“There were some things on Twitter. I haven’t read them. I’ve heard about them. First of all, I have no idea what I did to Ally Sheedy… I had nothing but a great time with her, total respect for her. I have no idea why she was upset. She took the tweet down. I don’t know, I can’t speak for her, I don’t know. The others, look: In my life, I pride myself on taking responsibility for things that I’ve done. I have to do that to maintain my well-being… The things that I heard that are on Twitter are not accurate, but I completely support people coming out and being able to have a voice because they didn’t have a voice for so long.”

Colbert followed up, asking, essentially, what now? Franco, with a look in his eyes like a man who would rather be licking the floor of a dive bar bathroom than having this conversation, said, “If there’s restitution to be made, I will make it. If I’ve done something wrong, I will fix it. I have to.”

Not mentioned in this interview was the fact that, in 2014, Franco tried to pick up a 17-year-old girl via the most chivalrous of all methods: Sliding into her DMs. (He was 35.) After the text exchange leaked, Franco said of the incident, “I’m embarrassed and I guess I’m just a model of how social media is tricky.”

Wednesday evening, Franco continued to make the late night rounds as a guest on Late Night with Seth Meyers. Unlike Colbert, who saved his allegations-themed questions for the end of the interview, Meyers opened with them. 

“I’m glad you’re still here,” Meyers said, commending Franco for showing up even though his appearance was booked before the allegations surfaced. “I wonder if you have read those tweets [from the Globes] and, if so, how you respond to them.”

By this point, Franco said that yes, he did read the tweets, and he maintained that they weren’t accurate. Meyers asked if Franco had reached out to Sheedy. “Are you not curious as to why she would do that, if you had, from your perspective, a good relationship with her?”

Franco insisted their relationship was “great” and that he didn’t know what to make of Sheedy’s tweets, which he pointed out, again, she’d deleted. But Meyers pressed him on it: “Not curious enough, though, to reach out to her? As someone you had a good relationship with before, to try to understand why she would have done that?”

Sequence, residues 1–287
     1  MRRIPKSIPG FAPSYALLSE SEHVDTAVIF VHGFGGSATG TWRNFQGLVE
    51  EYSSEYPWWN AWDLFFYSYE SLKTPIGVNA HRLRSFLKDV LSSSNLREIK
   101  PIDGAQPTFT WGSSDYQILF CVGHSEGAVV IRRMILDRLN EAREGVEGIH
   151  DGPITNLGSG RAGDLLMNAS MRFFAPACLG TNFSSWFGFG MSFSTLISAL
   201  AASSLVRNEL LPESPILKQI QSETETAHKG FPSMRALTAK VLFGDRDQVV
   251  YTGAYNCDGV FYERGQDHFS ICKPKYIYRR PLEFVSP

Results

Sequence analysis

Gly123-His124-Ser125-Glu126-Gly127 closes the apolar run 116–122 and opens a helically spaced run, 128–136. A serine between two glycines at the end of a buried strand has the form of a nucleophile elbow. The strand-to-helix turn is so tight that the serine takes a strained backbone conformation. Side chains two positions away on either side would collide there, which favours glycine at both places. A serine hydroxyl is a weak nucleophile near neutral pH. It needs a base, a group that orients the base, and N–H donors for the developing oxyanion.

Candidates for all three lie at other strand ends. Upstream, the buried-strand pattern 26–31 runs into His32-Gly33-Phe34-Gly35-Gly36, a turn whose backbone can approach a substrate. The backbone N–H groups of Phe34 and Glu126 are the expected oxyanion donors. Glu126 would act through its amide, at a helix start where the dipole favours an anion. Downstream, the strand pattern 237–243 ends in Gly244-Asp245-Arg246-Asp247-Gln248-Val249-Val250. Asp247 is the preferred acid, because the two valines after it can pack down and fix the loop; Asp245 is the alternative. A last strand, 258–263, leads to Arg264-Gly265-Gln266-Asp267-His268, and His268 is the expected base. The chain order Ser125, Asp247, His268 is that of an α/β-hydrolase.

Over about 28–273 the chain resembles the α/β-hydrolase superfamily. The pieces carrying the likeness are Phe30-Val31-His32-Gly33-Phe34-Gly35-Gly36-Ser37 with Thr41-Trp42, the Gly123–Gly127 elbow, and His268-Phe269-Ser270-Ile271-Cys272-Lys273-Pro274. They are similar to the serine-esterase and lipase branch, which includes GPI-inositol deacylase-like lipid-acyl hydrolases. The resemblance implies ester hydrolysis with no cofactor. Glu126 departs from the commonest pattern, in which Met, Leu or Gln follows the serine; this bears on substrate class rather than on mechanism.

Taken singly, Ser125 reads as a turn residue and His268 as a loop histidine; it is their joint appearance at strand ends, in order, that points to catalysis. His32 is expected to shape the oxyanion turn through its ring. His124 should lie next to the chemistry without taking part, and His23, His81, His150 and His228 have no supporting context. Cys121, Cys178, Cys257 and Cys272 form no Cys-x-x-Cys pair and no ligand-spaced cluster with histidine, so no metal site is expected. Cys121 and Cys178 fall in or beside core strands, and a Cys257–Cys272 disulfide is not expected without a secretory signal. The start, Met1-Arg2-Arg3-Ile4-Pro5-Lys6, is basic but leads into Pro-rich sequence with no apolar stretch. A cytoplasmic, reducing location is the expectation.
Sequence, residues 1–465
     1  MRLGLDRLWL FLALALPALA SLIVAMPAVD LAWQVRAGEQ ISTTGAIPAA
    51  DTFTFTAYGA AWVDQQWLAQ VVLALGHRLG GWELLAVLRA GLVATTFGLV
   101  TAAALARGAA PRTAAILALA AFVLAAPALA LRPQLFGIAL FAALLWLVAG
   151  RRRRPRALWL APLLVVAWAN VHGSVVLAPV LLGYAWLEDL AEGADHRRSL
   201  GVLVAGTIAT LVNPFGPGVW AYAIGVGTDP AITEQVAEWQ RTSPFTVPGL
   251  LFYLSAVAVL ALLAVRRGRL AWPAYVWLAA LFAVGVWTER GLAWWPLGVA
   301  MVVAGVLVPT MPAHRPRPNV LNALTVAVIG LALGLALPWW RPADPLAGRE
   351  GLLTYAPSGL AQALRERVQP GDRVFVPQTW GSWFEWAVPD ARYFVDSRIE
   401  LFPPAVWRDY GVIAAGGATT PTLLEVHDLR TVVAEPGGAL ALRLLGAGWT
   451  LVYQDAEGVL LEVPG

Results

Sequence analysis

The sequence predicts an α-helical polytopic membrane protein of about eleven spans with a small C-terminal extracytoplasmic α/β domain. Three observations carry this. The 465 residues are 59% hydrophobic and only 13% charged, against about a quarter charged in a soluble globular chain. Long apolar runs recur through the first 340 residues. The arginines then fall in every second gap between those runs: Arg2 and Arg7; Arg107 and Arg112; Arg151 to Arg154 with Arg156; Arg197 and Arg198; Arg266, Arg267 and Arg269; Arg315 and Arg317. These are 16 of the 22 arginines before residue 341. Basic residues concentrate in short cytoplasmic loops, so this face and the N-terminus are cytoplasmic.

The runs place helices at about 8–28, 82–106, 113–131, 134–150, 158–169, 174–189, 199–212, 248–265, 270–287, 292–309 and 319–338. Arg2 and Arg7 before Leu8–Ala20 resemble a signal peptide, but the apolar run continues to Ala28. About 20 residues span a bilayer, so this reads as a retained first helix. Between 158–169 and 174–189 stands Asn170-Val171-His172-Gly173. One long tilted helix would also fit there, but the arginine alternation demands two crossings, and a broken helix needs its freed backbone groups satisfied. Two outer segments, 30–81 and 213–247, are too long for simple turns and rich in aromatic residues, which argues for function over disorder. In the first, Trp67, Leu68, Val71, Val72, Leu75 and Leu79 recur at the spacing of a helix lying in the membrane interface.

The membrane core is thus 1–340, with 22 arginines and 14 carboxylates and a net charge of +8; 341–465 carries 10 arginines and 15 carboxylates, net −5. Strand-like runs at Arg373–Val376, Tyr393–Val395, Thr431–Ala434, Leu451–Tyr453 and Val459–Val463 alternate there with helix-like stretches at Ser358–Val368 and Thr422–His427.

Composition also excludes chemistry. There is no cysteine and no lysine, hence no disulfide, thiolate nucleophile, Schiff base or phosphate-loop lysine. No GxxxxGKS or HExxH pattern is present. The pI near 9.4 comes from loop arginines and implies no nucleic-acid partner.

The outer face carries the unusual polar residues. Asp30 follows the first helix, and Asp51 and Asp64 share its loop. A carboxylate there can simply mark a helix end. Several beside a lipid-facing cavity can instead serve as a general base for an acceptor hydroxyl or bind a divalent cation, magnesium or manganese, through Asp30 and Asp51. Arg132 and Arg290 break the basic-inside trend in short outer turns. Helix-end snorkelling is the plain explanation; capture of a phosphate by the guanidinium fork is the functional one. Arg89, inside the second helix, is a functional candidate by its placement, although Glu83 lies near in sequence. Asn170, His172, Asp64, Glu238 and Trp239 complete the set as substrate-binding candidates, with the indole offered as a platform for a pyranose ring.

Franco’s reply: “I don’t know. It was so shocking. I don’t know. I guess I’m just letting it be.”

“I have my own side of this story,” Franco said as they closed out this portion of the proceedings. “But I believe in, you know, these people that have been underrepresented getting their stories out enough that I will hold back things that I could say.”

Just hours after Franco’s Late Night interview aired, the L.A. Times published its investigation.

Tither-Kaplan, who tweeted during the Globes, is one of four former acting students of Franco’s who said “they believed Franco could offer them career advancement, and acquiesced to his wishes even when they were uncomfortable,” as the L.A. Times reports. (The fifth woman described Franco as a mentor.)

[Tither-Kaplan] told The Times that in a nude orgy scene she filmed with Franco and several women three years ago, he removed protective plastic guards covering other actresses’ vaginas while simulating oral sex on them.

Two other student actresses also recounted negative on-set experiences. Both said Franco became angry when no women, while at the shoot, would agree to be topless.

Through his attorney, Michael Plonsker, Franco “disputed all of the women’s allegations.”

Thursday night, Franco won a Critics Choice Award for best actor in a comedy. But he was a no-show; actor Walton Goggins accepted the award on his behalf. TMZ reports that Franco did fly to Los Angeles with plans to attend the show but backed out upon arrival. A source told People that Franco is “in a really bad place, so bad that he changed his phone number. His close friends are trying to be there for him but it’s been hard – he’s only talking to a select group of people. For now, he’s just hiding out.”

As for Friday: It’s the last day of Oscar voting. Wonder how many Academy members wait until the last week to fill out those ballots, and if the testimonies of Franco’s accusers will sway them.